The I and J authors have been surprisingly difficult to find, although it’s been easier with surnames than it was with first!
My I is John Irving and his book, The World According to Garp. For me it’s one of those books, like The Fountainhead, which is always mentioned but very few people have actually read. I’ve had it for a while but hilariously, haven’t read it. The interesting thing about it is that I couldn’t find out what it was about – the back of the book gives nothing away and I didn’t want to use Wikipedia because that tends to give a page by page plot rundown, with no spoiler alerts.
So, for those of you in the same situation as me (fearful of spoilers but interested in the plot, here goes. It’s about Garp. And the world according to him. Ta dah. The book begins with Jenny Fields, a war nurse who wants a child but not the hassle of a husband. In the early pages of the book she slashes a would be paramour with her scalpel, which she carries in her bag for just those situations. At this point I thought the story would follow her life. She gets pregnant by a dying gunner called Garp, whose brain was so damaged by his injuries that he can only repeat his name. She names the resultant son Garp. Just Garp, at the beginning, but eventually giving in and bestowing him with initials – T.S.
She and baby Garp move into an all boys school where Jenny is the nurse. At this point the focus changes from Jenny to Garp as he grows up with the rest of the live-in children. The rest of the book follows his loves, his children and his running, entangled with subjects such as what makes a successful book, feminism, monogamy and the overall responsibility we have for other humans.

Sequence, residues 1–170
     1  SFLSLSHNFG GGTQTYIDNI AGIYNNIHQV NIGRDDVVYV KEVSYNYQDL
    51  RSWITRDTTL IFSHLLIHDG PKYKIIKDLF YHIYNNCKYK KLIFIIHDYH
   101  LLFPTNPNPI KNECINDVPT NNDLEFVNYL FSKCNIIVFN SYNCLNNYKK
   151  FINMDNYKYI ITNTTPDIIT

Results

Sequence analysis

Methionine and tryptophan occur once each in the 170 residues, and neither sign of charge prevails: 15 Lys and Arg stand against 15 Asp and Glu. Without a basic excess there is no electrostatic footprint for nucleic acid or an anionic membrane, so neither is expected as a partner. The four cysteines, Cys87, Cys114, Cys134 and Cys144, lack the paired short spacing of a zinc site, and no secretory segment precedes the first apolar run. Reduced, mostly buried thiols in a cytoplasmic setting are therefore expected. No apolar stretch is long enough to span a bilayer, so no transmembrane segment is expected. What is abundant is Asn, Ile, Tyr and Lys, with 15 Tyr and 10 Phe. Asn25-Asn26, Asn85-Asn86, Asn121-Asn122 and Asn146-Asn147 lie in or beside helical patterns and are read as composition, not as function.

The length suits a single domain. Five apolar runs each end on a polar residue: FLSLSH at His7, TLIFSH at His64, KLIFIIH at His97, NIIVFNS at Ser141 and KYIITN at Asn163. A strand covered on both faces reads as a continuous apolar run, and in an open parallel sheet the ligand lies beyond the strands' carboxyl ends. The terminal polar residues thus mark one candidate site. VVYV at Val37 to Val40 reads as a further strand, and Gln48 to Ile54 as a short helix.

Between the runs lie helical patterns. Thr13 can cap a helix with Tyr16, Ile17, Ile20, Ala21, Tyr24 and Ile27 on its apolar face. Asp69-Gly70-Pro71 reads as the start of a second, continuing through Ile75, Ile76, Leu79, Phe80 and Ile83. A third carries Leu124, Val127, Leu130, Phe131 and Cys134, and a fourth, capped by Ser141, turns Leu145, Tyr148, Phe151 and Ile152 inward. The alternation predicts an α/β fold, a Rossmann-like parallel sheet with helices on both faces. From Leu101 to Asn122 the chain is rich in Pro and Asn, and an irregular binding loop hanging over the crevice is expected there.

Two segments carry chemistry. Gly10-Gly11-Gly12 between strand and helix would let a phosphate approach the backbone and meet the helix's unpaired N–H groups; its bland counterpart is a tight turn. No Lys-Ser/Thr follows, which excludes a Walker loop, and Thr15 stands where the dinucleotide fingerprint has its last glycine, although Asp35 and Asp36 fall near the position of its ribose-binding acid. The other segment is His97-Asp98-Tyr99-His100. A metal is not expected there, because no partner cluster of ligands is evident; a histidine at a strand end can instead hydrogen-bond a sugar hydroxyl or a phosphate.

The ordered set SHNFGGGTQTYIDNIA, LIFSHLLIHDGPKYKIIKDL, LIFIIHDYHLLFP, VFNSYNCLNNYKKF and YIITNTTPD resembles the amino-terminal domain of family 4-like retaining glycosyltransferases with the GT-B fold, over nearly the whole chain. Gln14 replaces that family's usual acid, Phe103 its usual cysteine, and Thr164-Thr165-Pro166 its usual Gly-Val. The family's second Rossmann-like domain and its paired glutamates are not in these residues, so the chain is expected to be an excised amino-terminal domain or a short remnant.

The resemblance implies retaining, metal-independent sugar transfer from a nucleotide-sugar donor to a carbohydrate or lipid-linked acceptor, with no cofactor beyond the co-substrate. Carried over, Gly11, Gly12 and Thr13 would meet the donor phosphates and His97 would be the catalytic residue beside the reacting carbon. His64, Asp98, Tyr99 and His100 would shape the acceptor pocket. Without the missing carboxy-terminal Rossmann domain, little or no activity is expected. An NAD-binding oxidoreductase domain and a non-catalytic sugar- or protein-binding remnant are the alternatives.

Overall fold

Garp’s an author, but much to his dismay Jenny becomes an author first, when her highly feminist novel A Sexual Suspect, becomes an international bestseller and a bible for disillusioned ladies. After that, Garp lives in Jenny’s shadow and the more she becomes the figurehead for beaten and bruised women, the more resentful he gets.
The World According to Garp is well written and interesting. It’s made more interesting by the inclusion of some of Garp and Jenny’s) writing throughout, defined by different font. Normally this irritates me in a book, but this time it helped to move the pace along and show the reader that there’s a change in environment. These books within books serve to deepen the layers of the novel, without meaning to sound too pretentious. When reading it I had dreams of unicycling bears and starving French armies, which I always think is a good indication of how good a book is – when it gets to you on a subconscious level, and leaves you thinking about it for weeks afterward.
Aside from being a story about a man who’s also a writer, lover, father, son, runner and wrestler, it also has a couple of stand out tragic episodes, tinged with really dark comedy. I don’t want to give anything away but the story builds and builds to a complex climax interwoven with all of the previous markers in the book. It made me read an extra thirty pages before going to sleep just so I could find out what happened. Unputtdownable, I guess you’d call it.
I’d recommend this to anyone who fancies a memoir/life story that’s a bit different – more thoughtful, thought provoking and well-written. I’m looking forward to reading more John Irving, in fact I think The Cider House Rules will be the next one.